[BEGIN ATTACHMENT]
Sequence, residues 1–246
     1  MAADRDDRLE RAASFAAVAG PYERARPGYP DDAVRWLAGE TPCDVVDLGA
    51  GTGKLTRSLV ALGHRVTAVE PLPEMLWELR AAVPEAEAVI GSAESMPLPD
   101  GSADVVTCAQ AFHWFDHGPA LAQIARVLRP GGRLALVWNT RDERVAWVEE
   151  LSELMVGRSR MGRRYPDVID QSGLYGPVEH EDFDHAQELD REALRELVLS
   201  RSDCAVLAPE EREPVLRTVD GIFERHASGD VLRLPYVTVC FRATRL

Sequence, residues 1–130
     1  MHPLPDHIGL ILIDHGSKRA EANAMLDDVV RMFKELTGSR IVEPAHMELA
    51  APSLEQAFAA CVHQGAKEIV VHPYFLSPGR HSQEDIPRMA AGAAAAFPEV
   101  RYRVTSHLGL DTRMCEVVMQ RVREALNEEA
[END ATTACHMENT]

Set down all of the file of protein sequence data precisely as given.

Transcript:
Sequence, residues 1–246
     1  MAADRDDRLE RAASFAAVAG PYERARPGYP DDAVRWLAGE TPCDVVDLGA
    51  GTGKLTRSLV ALGHRVTAVE PLPEMLWELR AAVPEAEAVI GSAESMPLPD
   101  GSADVVTCAQ AFHWFDHGPA LAQIARVLRP GGRLALVWNT RDERVAWVEE
   151  LSELMVGRSR MGRRYPDVID QSGLYGPVEH EDFDHAQELD REALRELVLS
   201  RSDCAVLAPE EREPVLRTVD GIFERHASGD VLRLPYVTVC FRATRL

Sequence, residues 1–130
     1  MHPLPDHIGL ILIDHGSKRA EANAMLDDVV RMFKELTGSR IVEPAHMELA
    51  APSLEQAFAA CVHQGAKEIV VHPYFLSPGR HSQEDIPRMA AGAAAAFPEV
   101  RYRVTSHLGL DTRMCEVVMQ RVREALNEEA